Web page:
Analysis paralysis. That is the number 1 thing that holds most entrepreneurs back from succeeding.
You may be shocked by this answer, but it’s true.
Decision-making is a huge part of being an entrepreneur and with so many decisions to be made, it can cause major stress and anxiety in your life, leading you to never make a decision.
Analysis paralysis hits all entrepreneurs at some point but you don’t have to continue living your life terrified of making mistakes.
Today we share more about analysis paralysis and how you can combat it.
The Number 1 Thing That Holds Most Entrepreneurs Back From Succeeding (& How To Combat It!)
What is analysis paralysis?
Analysis paralysis is essentially being so terrified of making the wrong decision that you put off making any sort of decision at all.
As business owners, we have a lot of decisions to make. Every day there are decisions that need to be made and since we’re the boss, we’re the ones that need to make them.
What will I be posting on our blog?
What should I post on Instagram?
Should I update that sales funnel?
Do I need to update our website?
What should I focus on first?!
Analysis paralysis can be detrimental to entrepreneurs because it can hold us back from accomplishing the goals that we set for our business.
The fear of making the wrong decision is so overpowering that we resolve to make no decision at all, which keeps us from moving forward.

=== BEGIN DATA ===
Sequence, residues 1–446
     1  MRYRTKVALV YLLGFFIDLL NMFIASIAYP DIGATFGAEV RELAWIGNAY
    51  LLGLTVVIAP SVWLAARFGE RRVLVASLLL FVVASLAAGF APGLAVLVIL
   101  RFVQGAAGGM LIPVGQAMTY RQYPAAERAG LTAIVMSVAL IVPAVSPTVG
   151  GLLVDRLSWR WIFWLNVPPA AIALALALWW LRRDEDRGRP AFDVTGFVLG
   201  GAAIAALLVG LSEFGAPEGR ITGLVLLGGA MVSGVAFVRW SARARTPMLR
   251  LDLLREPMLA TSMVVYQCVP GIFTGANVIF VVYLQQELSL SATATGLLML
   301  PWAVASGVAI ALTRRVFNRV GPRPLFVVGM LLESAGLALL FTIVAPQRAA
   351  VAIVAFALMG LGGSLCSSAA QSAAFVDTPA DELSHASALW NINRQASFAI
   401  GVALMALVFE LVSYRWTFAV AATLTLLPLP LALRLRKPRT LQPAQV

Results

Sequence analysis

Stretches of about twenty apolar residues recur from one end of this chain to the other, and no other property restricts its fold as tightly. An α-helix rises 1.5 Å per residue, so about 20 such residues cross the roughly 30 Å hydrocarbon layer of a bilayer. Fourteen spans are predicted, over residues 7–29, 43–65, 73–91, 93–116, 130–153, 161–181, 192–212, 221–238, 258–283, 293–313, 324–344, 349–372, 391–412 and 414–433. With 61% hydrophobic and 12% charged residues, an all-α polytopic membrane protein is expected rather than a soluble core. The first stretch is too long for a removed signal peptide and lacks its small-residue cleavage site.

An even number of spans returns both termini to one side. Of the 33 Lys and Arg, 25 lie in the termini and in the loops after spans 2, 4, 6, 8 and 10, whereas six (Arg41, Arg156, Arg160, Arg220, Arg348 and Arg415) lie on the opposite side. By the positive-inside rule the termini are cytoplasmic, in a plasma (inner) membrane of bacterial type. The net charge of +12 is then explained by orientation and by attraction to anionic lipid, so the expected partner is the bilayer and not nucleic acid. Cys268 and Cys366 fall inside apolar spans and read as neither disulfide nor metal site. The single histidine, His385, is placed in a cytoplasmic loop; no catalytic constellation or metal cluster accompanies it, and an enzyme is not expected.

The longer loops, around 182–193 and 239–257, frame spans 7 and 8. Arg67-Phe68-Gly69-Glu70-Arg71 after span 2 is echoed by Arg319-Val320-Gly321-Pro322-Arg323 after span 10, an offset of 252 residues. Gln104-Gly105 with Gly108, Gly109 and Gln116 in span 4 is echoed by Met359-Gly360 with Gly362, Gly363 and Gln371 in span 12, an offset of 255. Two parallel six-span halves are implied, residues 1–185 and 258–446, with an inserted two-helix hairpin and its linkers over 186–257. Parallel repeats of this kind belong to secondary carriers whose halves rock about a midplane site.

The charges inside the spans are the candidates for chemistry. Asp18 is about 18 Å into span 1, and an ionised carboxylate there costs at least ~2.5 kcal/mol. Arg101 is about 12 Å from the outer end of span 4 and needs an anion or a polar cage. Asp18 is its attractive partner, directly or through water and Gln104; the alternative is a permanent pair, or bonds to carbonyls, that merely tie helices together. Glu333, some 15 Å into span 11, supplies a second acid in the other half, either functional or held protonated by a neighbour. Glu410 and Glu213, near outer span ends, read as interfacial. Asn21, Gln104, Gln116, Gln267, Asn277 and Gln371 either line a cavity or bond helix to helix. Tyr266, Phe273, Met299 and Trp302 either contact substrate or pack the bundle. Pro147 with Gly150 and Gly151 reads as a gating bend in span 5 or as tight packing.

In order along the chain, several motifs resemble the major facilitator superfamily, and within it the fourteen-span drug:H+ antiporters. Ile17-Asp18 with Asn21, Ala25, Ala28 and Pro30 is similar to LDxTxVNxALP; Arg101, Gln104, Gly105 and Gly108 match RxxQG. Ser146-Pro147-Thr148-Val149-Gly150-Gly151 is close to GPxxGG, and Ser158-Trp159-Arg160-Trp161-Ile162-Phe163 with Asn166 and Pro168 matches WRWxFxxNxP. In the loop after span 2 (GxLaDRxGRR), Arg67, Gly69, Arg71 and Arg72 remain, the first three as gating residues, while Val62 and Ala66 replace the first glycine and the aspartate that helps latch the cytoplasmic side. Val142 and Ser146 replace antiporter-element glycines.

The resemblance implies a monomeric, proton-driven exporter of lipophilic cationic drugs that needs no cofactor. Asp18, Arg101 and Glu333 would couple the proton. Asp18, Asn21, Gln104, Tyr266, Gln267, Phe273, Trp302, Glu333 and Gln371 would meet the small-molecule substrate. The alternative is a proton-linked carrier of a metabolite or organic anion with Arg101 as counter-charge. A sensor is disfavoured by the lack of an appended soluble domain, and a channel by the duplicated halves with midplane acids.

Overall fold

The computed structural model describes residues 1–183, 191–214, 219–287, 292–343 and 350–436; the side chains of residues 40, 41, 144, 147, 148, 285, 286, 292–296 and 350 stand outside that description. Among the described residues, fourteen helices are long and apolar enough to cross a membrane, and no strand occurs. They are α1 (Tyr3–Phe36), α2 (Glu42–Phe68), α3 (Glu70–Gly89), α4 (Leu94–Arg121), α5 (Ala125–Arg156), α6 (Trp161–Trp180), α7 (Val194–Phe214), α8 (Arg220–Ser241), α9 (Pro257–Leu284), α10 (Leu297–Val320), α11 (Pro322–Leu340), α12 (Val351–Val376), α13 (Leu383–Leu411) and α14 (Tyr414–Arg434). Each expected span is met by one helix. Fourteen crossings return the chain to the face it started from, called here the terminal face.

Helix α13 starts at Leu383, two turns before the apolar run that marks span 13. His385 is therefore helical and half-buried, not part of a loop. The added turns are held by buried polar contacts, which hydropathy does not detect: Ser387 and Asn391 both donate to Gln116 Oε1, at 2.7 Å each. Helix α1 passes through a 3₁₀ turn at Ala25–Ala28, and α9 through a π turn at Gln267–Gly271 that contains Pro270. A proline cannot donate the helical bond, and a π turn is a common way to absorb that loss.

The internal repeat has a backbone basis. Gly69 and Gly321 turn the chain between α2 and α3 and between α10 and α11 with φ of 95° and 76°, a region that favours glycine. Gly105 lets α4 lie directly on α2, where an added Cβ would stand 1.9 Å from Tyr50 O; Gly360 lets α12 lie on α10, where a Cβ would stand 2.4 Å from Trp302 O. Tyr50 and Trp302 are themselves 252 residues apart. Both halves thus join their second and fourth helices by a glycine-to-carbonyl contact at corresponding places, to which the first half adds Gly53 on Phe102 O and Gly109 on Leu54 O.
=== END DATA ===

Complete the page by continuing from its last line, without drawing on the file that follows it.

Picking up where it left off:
Studies show that analysis paralysis can kill your productivity and when you’re an entrepreneur your most valuable asset is time.
Ultimately, analysis paralysis is what keeps most entrepreneurs back from succeeding because they’re too scared to make the wrong decision and fail.
If you suffer from this, you definitely aren’t alone. Let’s chat about signs of analysis paralysis and how to overcome it.
Related post: How To Review Your Year & Plan For The Next Year
What are the signs of analysis paralysis?
Some may think it’s obvious when you experience analysis paralysis but that’s not always the case. Have you ever been so in your head, negative thoughts and doubts swirling around-consuming you to the point where you feel like nothing you do is worthy?
That could be a sign of analysis paralysis. Here are some other common signs of analysis paralysis:
1. You feel ambivalent about making a decision, no decision excites you: Making decisions about your business should be exciting to you. If you feel “iffy” about most decisions you could have analysis paralysis.
2. You have difficulty with long-term projects: Long-term projects seem like a total drag to you and you have a hard time breaking down a task into smaller, easier-to-manage chunks.
3. You’re experiencing information overload: Ever sign up for a bajillion email newsletters but don’t ever implement any tips they share? Yup, analysis paralysis could be happening.
4. You spend more time scrolling on social media than you do focusing on tasks: The Insta-scroll. We’ve all been there. Sometimes it’s for pleasure, but sometimes it’s to avoid making a decision.
5. You multitask at all times: Guilty!Do you know the number 1 thing that holds most #entrepreneurs back from succeeding? @Bluchic shares what it is and how to combat it in this blog postClick To Tweet
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How to overcome analysis paralysis
The good news is, you can overcome analysis paralysis. It takes hard work and determination, but you can start taking action and not let fear take over. Here are a few tips on how to overcome analysis paralysis: